1184 words - 5 pages general medical conditions. A study included in the National Library of Medicine states that 193 patients of a 316 patient study used Complementary Alternative medicine following a cancer diagnosis. Alternative medicine comes in many different forms including herbal, acupuncture, and massage therapy. Herbal treatments is a form of a dietary supplement that uses natural plants and Herbs as a means of treatment for conditions or illnesses in a

Music: The Change from Spiritual to Secular

1804 words - 7 pages priests of the Catholic churches were very strict on how the sacred music was sung and preserved. With the change at hand in spiritual music, the Catholic high priests had to do something to correct the problems. The high priests felt that the secular feel and style of music that was becoming evident in spiritual music was tainting the sacred message in these pieces. The Council of Trent was called into affect to address this reoccurring issue. The

"Secular stagnation: The importance of economic growth"!

851 words - 3 pages INTRODUCTION TO MACROECONOMICS Tom Assouline 1442477 Christian Krelling Monday, November 24, 2014 !! One thing falls, everything else falls apart "Secular stagnation: The importance of economic growth"!! Economic growth is the increase in the market value of the goods and services produced by an economy over time. It is measured as the percent rate of increase in real gross domestic product, or real GDP. Of more importance is the growth of the

Complementary Medicines - The Case Against Their Supply in Pharmacy

1760 words - 7 pages Consumers want complementary medicines, some evidence suggests that work may work, and their use is on the increase. However, most complementary medicines lack clinical trials that conclusively prove their efficacy. This is further compounded by a lack of clear information on the status of the body of evidence for the support of specific complementary medicines. For pharmacists, considered drug therapy experts within the community, their supply

Sacred Music in the Age of Rebirth

1524 words - 7 pages their own music outside of the Church, but “what it was that they sang and played we do not know, for no record of it survives.” The earliest preserved fragments of secular music are Latin texts which date back to the eleventh and twelfth centuries. Secular music used the same principles as sacred music, and even used the ecclesial language. This shows how blurred the line was between secular and sacred music up until the Middle Ages. As history

The Sacred Language of Toni Morrison

1852 words - 7 pages The Sacred Language of Toni Morrison         Toni Morrison makes a good point when, in her acceptance speech upon receiving the Nobel Prize in Literature, she says, “Narrative . . . is . . . one of the principal ways in which we absorb knowledge” (7).  The words we use and the way in which we use them is how we, as humans, communicate to each other our thoughts, feelings, and actions and therefore our knowledge of the world and its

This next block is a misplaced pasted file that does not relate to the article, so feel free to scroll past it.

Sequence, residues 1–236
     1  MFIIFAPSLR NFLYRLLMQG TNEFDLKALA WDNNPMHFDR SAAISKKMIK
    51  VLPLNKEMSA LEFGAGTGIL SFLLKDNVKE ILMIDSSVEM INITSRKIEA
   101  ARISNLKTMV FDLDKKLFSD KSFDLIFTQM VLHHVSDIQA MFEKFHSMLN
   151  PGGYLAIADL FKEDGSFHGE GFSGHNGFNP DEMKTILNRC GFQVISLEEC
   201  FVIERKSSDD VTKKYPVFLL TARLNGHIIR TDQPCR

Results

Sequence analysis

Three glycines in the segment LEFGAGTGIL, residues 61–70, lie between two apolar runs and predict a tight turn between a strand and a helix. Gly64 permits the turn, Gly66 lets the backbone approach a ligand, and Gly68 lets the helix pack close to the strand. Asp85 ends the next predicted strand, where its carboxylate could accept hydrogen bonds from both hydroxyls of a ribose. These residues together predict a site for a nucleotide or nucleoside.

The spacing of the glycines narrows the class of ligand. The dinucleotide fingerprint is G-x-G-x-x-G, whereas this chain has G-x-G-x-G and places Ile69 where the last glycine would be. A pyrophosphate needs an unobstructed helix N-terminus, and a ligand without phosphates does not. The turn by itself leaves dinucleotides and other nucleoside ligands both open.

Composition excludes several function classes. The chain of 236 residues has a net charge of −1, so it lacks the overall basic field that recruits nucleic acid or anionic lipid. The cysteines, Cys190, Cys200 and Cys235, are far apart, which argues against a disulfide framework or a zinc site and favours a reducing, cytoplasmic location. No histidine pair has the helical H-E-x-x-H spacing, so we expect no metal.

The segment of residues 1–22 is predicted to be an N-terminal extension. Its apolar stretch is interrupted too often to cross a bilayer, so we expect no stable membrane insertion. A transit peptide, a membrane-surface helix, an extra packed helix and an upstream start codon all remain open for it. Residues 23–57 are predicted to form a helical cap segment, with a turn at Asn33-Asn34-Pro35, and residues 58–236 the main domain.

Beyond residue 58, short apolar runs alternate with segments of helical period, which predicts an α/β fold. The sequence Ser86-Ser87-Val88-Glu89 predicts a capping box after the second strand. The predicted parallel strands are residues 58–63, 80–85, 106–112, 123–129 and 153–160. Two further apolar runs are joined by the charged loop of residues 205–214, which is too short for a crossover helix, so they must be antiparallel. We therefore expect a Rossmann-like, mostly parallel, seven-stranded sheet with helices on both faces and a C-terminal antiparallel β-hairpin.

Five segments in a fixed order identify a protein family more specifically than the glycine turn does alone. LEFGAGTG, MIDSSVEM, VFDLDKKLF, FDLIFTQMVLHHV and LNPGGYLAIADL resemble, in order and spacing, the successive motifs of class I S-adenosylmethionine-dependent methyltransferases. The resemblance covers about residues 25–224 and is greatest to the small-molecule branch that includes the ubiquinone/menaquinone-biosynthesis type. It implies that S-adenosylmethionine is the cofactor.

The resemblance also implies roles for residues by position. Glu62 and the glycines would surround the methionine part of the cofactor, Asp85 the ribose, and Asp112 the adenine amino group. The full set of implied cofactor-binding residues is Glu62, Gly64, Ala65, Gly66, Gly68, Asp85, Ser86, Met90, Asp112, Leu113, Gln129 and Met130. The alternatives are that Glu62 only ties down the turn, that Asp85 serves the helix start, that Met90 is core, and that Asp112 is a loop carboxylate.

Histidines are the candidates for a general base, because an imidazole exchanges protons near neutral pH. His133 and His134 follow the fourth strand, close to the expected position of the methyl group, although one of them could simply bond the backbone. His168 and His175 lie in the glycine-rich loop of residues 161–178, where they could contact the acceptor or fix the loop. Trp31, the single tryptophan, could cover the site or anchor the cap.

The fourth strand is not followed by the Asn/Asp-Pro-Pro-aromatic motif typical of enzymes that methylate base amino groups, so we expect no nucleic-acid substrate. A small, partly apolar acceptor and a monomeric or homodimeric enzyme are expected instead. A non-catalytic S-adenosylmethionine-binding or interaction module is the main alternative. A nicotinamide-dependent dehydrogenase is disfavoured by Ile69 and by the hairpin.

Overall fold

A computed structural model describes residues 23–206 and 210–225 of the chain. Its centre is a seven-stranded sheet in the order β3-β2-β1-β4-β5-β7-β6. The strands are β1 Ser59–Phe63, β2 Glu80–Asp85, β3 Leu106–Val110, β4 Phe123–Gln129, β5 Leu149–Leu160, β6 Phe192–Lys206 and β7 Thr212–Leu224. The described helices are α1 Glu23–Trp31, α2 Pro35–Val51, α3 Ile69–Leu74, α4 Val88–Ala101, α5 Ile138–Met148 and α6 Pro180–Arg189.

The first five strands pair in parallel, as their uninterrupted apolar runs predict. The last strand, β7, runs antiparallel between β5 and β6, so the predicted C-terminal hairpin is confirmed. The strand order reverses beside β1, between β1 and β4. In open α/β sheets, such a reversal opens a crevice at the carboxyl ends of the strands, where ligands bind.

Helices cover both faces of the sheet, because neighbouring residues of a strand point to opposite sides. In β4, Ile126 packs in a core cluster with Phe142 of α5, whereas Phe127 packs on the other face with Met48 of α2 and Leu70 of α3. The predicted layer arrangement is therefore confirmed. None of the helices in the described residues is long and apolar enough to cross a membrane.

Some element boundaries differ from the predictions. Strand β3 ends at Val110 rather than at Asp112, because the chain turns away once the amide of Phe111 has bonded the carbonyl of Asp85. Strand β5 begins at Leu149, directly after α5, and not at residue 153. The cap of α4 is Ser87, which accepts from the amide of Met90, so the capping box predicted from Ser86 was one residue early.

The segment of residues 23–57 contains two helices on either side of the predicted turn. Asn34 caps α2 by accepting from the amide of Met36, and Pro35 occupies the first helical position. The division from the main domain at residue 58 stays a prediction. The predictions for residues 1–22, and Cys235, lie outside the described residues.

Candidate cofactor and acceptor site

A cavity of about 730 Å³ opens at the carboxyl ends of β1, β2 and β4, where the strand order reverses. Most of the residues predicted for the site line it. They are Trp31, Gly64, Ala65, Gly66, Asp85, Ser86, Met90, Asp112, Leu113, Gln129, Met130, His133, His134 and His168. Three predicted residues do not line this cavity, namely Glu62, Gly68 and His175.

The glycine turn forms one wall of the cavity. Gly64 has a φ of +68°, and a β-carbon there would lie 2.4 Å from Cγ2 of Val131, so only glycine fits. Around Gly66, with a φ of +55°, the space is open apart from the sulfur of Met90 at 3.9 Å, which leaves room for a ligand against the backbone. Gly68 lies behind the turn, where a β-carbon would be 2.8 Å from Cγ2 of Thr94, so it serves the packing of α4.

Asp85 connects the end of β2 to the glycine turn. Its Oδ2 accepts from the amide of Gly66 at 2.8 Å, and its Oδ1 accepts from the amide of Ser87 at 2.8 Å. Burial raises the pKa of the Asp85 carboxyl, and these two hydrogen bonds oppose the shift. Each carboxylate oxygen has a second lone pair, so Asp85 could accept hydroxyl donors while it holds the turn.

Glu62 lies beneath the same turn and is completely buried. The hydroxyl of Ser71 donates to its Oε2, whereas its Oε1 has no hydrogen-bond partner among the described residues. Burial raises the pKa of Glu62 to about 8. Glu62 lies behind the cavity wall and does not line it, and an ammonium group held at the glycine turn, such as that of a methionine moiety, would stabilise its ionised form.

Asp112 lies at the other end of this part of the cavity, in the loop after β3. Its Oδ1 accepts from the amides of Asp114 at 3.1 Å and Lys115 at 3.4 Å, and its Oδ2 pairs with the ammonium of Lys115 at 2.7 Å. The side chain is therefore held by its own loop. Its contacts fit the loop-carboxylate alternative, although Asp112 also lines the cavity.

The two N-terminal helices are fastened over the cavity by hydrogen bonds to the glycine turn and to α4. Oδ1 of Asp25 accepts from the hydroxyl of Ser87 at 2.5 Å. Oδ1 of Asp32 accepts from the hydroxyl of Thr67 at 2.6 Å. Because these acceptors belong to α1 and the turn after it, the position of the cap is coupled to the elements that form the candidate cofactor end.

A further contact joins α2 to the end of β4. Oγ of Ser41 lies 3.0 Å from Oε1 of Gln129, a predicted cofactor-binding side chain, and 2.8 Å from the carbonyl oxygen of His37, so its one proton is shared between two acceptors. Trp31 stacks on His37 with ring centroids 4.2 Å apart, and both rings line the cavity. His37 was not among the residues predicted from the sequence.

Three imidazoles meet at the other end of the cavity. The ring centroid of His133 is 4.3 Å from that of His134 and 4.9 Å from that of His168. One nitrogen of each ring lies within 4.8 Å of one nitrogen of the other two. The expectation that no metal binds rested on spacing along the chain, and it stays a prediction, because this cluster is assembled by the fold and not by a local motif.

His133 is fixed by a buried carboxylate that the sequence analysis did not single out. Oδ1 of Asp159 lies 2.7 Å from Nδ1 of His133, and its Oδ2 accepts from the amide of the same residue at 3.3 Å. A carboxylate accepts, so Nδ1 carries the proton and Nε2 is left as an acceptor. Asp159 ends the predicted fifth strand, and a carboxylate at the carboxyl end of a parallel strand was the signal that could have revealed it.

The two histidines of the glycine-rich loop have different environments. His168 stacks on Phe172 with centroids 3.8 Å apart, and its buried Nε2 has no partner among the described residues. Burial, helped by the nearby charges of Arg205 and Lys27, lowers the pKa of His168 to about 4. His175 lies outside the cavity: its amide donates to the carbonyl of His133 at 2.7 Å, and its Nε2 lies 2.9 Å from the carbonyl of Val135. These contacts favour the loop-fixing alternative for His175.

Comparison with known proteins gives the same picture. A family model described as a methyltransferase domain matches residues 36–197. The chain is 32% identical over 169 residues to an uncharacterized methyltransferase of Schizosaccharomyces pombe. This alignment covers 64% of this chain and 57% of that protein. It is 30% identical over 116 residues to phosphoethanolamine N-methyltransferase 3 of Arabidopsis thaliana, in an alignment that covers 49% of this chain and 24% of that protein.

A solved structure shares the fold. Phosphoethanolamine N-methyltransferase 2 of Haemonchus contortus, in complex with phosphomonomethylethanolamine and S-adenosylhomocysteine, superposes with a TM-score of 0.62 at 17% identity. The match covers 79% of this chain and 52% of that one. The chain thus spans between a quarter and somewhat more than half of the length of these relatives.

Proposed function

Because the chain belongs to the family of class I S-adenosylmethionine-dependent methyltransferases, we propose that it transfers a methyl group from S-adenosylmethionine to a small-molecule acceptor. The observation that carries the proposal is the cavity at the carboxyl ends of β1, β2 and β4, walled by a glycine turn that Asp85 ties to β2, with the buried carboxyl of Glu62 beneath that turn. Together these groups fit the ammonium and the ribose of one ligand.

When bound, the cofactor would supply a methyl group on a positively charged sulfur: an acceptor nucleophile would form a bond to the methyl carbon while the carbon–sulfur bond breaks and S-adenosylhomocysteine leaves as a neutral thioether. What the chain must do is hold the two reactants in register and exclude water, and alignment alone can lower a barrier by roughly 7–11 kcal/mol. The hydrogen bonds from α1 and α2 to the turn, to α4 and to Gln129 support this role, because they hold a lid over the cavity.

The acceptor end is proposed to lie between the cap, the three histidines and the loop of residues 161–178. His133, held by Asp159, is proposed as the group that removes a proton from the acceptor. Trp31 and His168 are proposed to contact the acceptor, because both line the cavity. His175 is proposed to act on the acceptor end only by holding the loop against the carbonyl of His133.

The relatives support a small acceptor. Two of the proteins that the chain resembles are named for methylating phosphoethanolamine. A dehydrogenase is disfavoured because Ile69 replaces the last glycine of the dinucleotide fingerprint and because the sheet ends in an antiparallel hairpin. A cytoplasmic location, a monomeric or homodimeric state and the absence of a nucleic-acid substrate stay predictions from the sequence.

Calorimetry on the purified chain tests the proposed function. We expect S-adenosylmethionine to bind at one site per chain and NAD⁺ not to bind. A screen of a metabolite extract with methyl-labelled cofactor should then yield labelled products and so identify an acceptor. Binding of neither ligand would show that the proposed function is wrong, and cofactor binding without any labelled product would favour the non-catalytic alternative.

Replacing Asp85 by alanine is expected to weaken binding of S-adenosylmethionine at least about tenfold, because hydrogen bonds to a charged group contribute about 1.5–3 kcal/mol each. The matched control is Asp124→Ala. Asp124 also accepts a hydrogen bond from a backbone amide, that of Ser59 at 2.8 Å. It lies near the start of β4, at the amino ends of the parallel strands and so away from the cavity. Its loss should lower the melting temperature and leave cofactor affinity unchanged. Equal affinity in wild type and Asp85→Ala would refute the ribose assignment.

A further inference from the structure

The Relationship Between State and Religion in Turkey: Is Turkey a Secular State?

1722 words - 7 pages The Relationship Between State and Religion in Turkey: Is Turkey a Secular State? Casper Gelderblom s1393162Introduction to Area Studies, Section A Instructor: E. Erol March 27, 2014Word count: 1490Two and a half years ago, Turkish prime-minister Erdogan visited Tunisia, the country where the so-called Arab Spring began. During his visit, Erdogan delivered a speech in which he made the case for "the Turkish model" to be accepted by the revolting

Similar Essays

The Sacred And The Profane Essay

787 words - 3 pages The “Sacred and the Profane” by Mircea Eliade, explores two innovative perspective of religion with aspects of the traditional and modern. Eliade draws principles such as heterogeneous in space based on experiencing the world as sacred. On the contrary, the homogenous man is blocked to these sacred experiences, since the world is experienced as profane. Additionally, Eliade discusses the alignment in space allowing the manifestation of the

The Benefits Of Complementary And Alternative Medicine

1661 words - 7 pages In today’s world, many people assume that the latest medical technology and treatments are always the best option. However, all over the world, different techniques for curing diseases and aliments are being used. These methods fall under the category of complementary and alternative medicine. According to Sandra Augustyn Lawton in Complementary and Alternative Medicine for Teens, complementary and alternative medicine (CAM) can be defined as

The Clash Of Secular Thought And Religion

1968 words - 8 pages There has been a clash between secular thought and religion since its formation of societies in the classical age. Both have made an equal effect on the culture of each empire by influencing people to change their belief on the world. Major religions have made interactions, which affected some of their ideas for what they have become now. The major religions during the classical age are Christianity, Judaism, Buddhism, Islam, Hinduism, Jainism

The Sacred And Profane In American Beauty

2127 words - 9 pages Durkheim's concepts of the sacred and the profane has dominated religious and social commentary for decades. While these two, inexorably linked, concepts are most often related with respect to religion, we can apply them to the almost-religion of the “American Dream” for the purpose of analyzing the lives of Lester and Carolyn Burnham, Buddy Kane, and Angela Hayes in the film “American Beauty.” In “American Beauty” the experiences